At China's biggest air show, a top Boeing executive voiced hope that the US and China would resume trade talks. He has reason to worry: The US aerospace giant could fly into turbulence in a protracted commercial conflict.
While Boeing has so far escaped the rounds of tit-for-tat tariffs, analysts say it is at risk of being the next victim if the trade war escalates, which would benefit its European rival Airbus.
Tariffs would bite deep for the Chicago-based company as China—the world's second biggest aircraft market—represents one-fifth of its global orders.
At Airshow China in the southern city of Zhuhai, the president of Boeing China, John Bruns said the company was "confident" that dialogue will resume between US and Chinese negotiators.
"A healthy airspace industry is in the best interests of both countries," Bruns said at a news conference on Tuesday on the sidelines of the exhibition, where companies are showing off their latest planes, helicopters and drones this week.
While Boeing's large planes have avoided tariffs, China has other ways to hurt the company, just as it battles Airbus for bigger shares of the massive market.
"The retaliation would mainly be in the form of cancelled orders with a redistribution to Airbus, perhaps as much as 30-40 percent of the existing order book," said Vinay Bhaskara, a senior business analyst for Airways Magazine.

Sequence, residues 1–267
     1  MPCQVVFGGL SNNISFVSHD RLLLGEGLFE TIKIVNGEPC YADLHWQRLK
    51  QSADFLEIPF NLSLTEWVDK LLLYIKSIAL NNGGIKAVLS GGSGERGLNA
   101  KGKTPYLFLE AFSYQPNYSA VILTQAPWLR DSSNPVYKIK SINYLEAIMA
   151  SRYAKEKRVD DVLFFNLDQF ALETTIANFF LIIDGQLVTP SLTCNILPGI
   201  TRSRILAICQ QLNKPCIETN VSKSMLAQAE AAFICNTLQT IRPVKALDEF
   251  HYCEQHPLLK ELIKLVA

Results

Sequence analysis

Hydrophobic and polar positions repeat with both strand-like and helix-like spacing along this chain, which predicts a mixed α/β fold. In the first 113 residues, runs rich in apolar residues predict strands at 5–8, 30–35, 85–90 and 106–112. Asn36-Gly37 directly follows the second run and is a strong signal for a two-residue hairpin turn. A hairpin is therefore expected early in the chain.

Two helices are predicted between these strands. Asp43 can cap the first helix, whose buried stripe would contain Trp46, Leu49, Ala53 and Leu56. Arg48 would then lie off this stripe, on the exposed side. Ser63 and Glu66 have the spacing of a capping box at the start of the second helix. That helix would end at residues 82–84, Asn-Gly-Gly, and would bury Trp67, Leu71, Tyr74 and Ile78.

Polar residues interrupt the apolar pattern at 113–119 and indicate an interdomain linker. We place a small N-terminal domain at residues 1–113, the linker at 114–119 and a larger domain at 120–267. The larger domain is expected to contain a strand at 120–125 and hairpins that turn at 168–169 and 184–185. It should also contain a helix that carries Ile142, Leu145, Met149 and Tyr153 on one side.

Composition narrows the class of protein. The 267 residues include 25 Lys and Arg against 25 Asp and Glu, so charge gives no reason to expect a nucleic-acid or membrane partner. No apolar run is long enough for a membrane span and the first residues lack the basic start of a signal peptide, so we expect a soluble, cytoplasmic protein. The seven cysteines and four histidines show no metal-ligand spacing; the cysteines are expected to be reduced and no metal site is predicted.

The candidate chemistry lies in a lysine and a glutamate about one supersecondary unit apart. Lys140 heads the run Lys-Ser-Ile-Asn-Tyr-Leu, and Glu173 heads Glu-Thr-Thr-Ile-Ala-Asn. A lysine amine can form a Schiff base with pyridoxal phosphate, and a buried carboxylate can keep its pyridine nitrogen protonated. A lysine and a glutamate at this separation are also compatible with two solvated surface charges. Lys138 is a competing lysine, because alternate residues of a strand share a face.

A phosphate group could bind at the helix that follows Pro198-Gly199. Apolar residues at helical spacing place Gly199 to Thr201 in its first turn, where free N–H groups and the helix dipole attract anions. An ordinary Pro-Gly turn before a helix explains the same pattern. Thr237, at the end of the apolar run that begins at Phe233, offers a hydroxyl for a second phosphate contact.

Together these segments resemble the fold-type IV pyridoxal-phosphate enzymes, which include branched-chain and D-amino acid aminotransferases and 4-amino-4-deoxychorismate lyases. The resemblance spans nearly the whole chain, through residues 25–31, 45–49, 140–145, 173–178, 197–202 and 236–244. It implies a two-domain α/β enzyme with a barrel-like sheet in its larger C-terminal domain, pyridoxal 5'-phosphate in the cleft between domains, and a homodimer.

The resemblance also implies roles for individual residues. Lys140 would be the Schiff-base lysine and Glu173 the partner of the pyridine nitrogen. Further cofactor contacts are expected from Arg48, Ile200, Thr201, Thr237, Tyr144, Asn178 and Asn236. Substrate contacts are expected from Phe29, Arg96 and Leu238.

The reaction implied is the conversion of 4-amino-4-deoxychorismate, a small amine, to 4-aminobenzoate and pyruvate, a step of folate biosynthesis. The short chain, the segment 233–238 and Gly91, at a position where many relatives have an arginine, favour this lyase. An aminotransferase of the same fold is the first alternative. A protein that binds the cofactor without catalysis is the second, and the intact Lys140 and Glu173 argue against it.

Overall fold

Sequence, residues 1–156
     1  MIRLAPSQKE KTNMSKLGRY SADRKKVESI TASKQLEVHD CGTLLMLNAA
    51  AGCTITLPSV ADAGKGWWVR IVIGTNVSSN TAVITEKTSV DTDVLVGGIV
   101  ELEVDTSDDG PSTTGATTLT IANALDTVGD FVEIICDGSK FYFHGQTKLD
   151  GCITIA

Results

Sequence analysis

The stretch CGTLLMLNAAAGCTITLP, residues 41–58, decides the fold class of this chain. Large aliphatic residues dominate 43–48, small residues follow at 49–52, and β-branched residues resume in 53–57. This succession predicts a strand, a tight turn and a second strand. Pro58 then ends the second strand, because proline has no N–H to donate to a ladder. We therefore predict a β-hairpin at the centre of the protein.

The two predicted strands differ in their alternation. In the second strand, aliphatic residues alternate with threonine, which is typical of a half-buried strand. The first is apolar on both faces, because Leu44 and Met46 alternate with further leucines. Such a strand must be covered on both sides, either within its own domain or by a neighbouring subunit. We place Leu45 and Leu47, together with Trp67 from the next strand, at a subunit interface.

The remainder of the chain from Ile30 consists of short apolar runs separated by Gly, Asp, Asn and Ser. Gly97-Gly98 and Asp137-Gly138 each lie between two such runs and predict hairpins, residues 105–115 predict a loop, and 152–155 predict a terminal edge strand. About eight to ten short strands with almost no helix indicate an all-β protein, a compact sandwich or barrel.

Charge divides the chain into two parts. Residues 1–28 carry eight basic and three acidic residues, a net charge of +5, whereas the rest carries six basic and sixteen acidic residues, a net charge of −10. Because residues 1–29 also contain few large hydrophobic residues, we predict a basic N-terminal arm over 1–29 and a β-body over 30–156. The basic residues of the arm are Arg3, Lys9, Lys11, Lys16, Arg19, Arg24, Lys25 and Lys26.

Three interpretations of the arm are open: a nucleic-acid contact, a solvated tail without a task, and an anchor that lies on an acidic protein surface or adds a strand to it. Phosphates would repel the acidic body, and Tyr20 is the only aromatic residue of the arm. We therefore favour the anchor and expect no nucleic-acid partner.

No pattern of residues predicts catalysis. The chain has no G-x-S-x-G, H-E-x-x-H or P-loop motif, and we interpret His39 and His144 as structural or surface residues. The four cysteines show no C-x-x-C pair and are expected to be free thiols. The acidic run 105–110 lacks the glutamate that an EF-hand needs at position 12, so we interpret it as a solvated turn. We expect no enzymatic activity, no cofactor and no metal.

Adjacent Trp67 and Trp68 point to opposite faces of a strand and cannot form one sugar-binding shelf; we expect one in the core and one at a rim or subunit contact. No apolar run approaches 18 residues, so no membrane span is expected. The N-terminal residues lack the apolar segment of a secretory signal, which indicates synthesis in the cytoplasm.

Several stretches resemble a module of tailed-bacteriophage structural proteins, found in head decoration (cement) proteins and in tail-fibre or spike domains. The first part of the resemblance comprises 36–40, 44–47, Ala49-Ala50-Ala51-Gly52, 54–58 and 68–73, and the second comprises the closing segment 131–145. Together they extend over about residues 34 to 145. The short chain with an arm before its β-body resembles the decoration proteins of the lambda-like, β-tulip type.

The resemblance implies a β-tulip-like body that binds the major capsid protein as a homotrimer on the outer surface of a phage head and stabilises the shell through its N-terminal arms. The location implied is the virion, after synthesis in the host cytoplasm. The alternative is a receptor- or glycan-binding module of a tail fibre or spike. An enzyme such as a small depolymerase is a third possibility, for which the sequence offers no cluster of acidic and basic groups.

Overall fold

"At the current moment, I give perhaps a 25 percent chance of this scenario where China cancels Boeing orders wholesale," Bhaskara told AFP.
The trade war comes at a particularly awkward time for Boeing—which announced last year it had won a major contract worth around $38 billion to sell 300 aircraft to China.
In a worrisome signal, China's Xiamen Airlines—a company that has bought exclusively from Boeing for three decades—is in talks with Airbus, according to Bloomberg News.
"This could be very good news for Airbus. It might just allow them to get to their rumoured goal of 70 single aisle (A320) jets per month," said Richard Aboulafia, an aviation industry analyst at US consultancy Teal Group.
China is expected to surpass the United States as the world's biggest aircraft market in the mid-2020s, according to the International Air Transport Association.
Boeing delivered 202 aircraft in China last year, beating Airbus, which sold 176.
Despite his rival's potential woes, the head of Airbus China, Xu Gang, was also worried by the prospects of more tariffs.
"I think nobody will be the winner of this kind of trade war," Xu said, adding that his company welcomes dialogue between the US and Chinese governments.
"The trade war damages the trade relationship, which also damages a lot of commercial expectations of many private companies, and this will cost a lot of employment" and hurt salaries of the middle-class, he said.
"This, of course, will have a negative impact on the aviation growth," he said.
Airbus would not necessarily have much to celebrate if China dropped Boeing orders.
"Airbus' order book is backlogged for several years, so it doesn't stand to gain from any challenges which Boeing may face," said John Strickland, aviation analyst and director of JLS Consulting in London.
Explore further: In a trade war, aviation giant Boeing could be a sitting duck